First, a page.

• In April of 2001, Public Citizen (www.citizen.org/), a well-respected national non-profit public interest organization, advised the public not to use VIOXX because of potential heart-related risks. Despite the results of the study and the warnings from Public Citizen, Merck continued to promote the drug in a way that minimized this risk.

•On September 17, 2001, the FDA issued an 8-page warning letter to Merck concerning its false and misleading promotional campaign. The FDA found: “You have engaged in a promotional campaign that minimizes the potentially serious cardiovascular findings that were observed in the VIOXX Gastrointestinal Outcomes Research (VIGOR) study, and thus, misrepresents the safety profile for VIOXX. Specifically, your promotional campaign discounts the fact that the VIGOR study patients on VIOXX were observed to have a four to five fold increase in myocardial infarctions (MIs) compared to patients on the comparator nonsteroidal anti-inflammatory drug (NSAID), Naprosyn (naproxen).”

When it came to defending every challenge to its claims that VIOXX was a safe drug, Merck appears to have ignored the mounting evidence that VIOXX was, indeed, the potential killer numerous highly qualified experts had always suspected it of being. This is all the more obvious when one considers the following facts:

•Kaiser Permanente, the largest HMO in the United States, found the incidence of sudden cardiac death to be three times greater for VIOXX than Celebrex among its patients.

•Cigna Health Care regarded VIOXX as a “non-preferred medication” for its policy holders.

•Aetna, Inc., the third largest health insurer in the United States, announced that VIOXX was the subject of an ongoing study and recommended “alternative drugs” be prescribed in its place.

•Every study ever conducted with respect to VIOXX between 1999 and 2004 showed an increased risk of heart attack.

•Several medical research organizations consider the entire COX-2 class of drugs to have an increased cardiac-related risk.

•A study done at Vanderbilt University, and published in The Lancet on October 5, 2002, noted that patients taking 50mg. of VIOXX for more than 5 days demonstrated a 70% greater likelihood of developing coronary heart disease (CHD).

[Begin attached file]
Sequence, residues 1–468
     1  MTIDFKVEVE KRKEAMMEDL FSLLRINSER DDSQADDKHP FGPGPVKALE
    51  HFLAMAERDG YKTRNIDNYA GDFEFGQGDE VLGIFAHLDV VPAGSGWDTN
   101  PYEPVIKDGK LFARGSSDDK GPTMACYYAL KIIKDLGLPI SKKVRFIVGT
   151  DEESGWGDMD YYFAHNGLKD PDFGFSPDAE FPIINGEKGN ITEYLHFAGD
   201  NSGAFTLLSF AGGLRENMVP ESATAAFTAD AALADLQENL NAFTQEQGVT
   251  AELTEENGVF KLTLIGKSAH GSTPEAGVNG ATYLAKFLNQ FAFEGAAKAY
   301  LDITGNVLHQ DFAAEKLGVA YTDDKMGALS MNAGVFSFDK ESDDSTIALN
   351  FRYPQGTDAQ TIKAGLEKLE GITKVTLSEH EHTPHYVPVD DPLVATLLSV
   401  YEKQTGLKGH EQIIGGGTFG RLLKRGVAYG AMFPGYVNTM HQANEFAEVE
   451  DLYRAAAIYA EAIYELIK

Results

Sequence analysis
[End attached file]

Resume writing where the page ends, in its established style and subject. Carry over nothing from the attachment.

•Despite requests from the American Heart Association, the National Stroke Association, and the Arthritis Foundation that Merck conduct additional safety studies, Merck claimed that VIOXX was safe and that it did not plan to conduct any such study.

•An early 2004 study, which was actually funded by Merck, disclosed that VIOXX posed a risk of heart attack and stroke which was three times greater than that of other COX-2 pain relievers. When this finding was made, Merck had the name of its scientist removed from the list of authors on the study.

Although Merck attempted to make the best out of a very bad situation by making it appear as if its voluntary withdrawal of VIOXX was motivated by concern for the public, the evidence does not support that position.
Most business experts have little doubt that the removal of VIOXX from the market was anything but a purely financial consideration on the part of Merck which stood to lose $700 to $750 million in the fourth quarter of 2004 alone. The lawsuits were piling up and some of the cases were close to trial.

Corporate analysts who commented on Merck’s action saw it as a sound business move under the circumstances. They did not attribute it to any sudden pangs of conscience on the part of Merck’s CEO or Board of Directors.

Thus, if Judge Hardin determines Merck is able to receive a fair trial without the need for a postponement, the stage will be set for the opening battle of what promises to be a very long and bitterly fought war.